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Osteoporosis is a disease of bones that leads to a decreased density of bone and subsequent increase in risk of fracture. Osteoporosis causes bones to become weak and brittle. Osteoporosis-related fractures most commonly occur in the hip, wrist or spine.

Osteoporosis affects millions of people all over the world. It affects men and women of all races. Women are 4x more likely to develop osteoporosis. Research has shown that post-menopausal white and Asian women are at highest risk. Medications, healthy diet and weight-bearing exercise can help prevent bone loss and strengthen already weak bones. There is recent research showing that women who drink wine in moderation tend to have higher bone density than those who abstain from alcohol.

How Do I Know If Dental Implants Are An Option?

The first step is to get your osteoporosis under control and limit the further effects of the disease. This includes seeing a physician to prescribe the proper medications, diet, and exercise routine. The next step is to see your implant dentist for a full evaluation. This evaluation will include your overall health, your oral health, as well as the degree of your osteoporosis.

Some considerations before having dental implants placed include:

-State Of Oral Health. A major factor in the failure of dental implants is the presence of periodontal disease. With a patient already being compromised with osteoporosis this becomes doubly important that the patient be periodontal disease free.

-Strength, Density, And Volume Of Bone Tissue. You need to have some good quality bone left to have an implant last, healing will be prolonged, so volume of bone is extremely important.

-Medications. This includes medications you are taking for osteoporosis as well as other medications which could counteract those medications. Bisphosphanates have been long known to keep the body from reabsorbing bone tissue, but they also appear to affect your ability to heal after a dental implant procedure. Biphosphonates can increase the risk of biphosphonate-induced osteonecrosis of the jaw (also called BONJ). When BONJ occurs, the bone tissue actually begins to die due to inadequate blood supply.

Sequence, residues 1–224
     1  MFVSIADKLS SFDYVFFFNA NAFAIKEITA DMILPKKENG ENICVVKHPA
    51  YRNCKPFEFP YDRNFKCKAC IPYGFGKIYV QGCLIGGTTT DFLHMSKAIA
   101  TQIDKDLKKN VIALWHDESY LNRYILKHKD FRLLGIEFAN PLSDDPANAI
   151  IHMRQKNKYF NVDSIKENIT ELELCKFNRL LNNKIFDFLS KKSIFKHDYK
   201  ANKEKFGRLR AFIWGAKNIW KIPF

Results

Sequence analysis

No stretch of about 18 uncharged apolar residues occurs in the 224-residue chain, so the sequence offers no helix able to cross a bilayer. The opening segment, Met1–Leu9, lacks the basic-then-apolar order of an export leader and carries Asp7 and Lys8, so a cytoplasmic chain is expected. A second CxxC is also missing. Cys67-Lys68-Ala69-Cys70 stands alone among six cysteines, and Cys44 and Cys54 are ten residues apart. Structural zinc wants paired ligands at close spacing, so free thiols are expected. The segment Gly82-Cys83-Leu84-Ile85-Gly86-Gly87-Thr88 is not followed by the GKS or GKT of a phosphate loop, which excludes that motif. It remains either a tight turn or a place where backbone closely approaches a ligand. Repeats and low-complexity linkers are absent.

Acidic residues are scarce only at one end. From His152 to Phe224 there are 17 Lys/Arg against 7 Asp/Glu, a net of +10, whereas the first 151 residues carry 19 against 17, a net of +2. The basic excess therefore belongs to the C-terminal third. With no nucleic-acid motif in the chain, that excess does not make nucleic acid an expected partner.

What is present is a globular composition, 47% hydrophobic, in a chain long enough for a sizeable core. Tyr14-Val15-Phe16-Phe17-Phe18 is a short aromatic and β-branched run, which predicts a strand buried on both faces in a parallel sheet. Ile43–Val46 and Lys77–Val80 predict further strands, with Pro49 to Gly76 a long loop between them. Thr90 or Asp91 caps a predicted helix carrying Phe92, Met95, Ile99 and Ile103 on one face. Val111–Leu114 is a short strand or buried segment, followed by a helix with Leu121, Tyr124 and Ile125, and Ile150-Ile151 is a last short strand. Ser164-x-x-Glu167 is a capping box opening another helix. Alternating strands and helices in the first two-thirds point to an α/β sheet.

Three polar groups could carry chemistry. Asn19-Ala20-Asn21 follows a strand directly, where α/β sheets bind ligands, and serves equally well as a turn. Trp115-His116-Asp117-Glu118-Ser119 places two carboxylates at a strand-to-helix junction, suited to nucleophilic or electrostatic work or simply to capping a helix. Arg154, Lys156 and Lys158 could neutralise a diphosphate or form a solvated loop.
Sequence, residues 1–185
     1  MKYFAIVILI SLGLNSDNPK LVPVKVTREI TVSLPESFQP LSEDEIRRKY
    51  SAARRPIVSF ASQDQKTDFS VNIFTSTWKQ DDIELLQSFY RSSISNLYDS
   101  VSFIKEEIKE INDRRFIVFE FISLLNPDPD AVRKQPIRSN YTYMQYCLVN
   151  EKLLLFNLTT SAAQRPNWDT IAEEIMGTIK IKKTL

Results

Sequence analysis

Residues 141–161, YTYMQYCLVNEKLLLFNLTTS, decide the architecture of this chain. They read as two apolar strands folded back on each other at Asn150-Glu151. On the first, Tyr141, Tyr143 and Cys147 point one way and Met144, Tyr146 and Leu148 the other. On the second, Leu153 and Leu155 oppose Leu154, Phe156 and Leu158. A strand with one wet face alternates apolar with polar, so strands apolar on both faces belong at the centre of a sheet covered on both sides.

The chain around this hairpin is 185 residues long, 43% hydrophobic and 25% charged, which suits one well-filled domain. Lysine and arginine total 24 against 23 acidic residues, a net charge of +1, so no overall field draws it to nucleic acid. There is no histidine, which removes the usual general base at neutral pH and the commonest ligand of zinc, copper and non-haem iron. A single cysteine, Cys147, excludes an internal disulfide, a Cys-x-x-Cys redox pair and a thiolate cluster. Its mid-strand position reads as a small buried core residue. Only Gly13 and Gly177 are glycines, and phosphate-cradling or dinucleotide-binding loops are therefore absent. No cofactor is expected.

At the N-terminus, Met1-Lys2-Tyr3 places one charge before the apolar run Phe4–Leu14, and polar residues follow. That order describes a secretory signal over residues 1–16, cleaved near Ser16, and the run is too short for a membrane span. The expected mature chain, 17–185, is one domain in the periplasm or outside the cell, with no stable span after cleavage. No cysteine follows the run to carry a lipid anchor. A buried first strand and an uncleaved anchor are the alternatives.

-Is The Patient A Smoker? Smoking has long been a failure factor in dental implants as well as bone loss. Nicotine is a vaso constrictor so blood supply to the bones in the jaw can be compromised.

-Presence Of Systemic Disease. This can include a decreased immune system or diabetes. Good health is important for good healing.

If you have been diagnosed with osteoporosis, dental implants may still be an option. If osteoporosis has affected other parts of your body, it might not necessarily have caused decrease in jawbone mass or breakdown of these tissues. Recent research (International Journal of Oral and Maxillofacial Implants, Vol 21: 349) has shown a lowered success rate in patients with osteoporosis but the difference was less than 2%. The general success rate for dental implants is about 97% whereas the success rate in this limited study was 95%. The study also showed that bone grafting was successful as well.

Conclusion

Dental implants have long been the treatment of choice for tooth loss. For those who have been told it is not an option the effects can be devastating. The recent research gives hope to those who previously were told that it was not an option. Each individual needs to be evaluated on a case by case basis taking all factors into account before delving into placement of dental implants. If you are missing teeth or about to lose them, contact your dentist for a dental implant evaluation.

Dental implants are widely spread throughout dentistry and have become mainstream for many patients. In the past, patients were presented other options…go without a tooth or teeth, wear a removable denture, or have a cementable bridge made.Dental implants have allowed for a great additional option which does not cut down existing teeth, and is strong and unmovable. Unfortunately, many of us forget that dental implants need to be cared for and maintained just like  natural teeth.

What Are Dental Implants?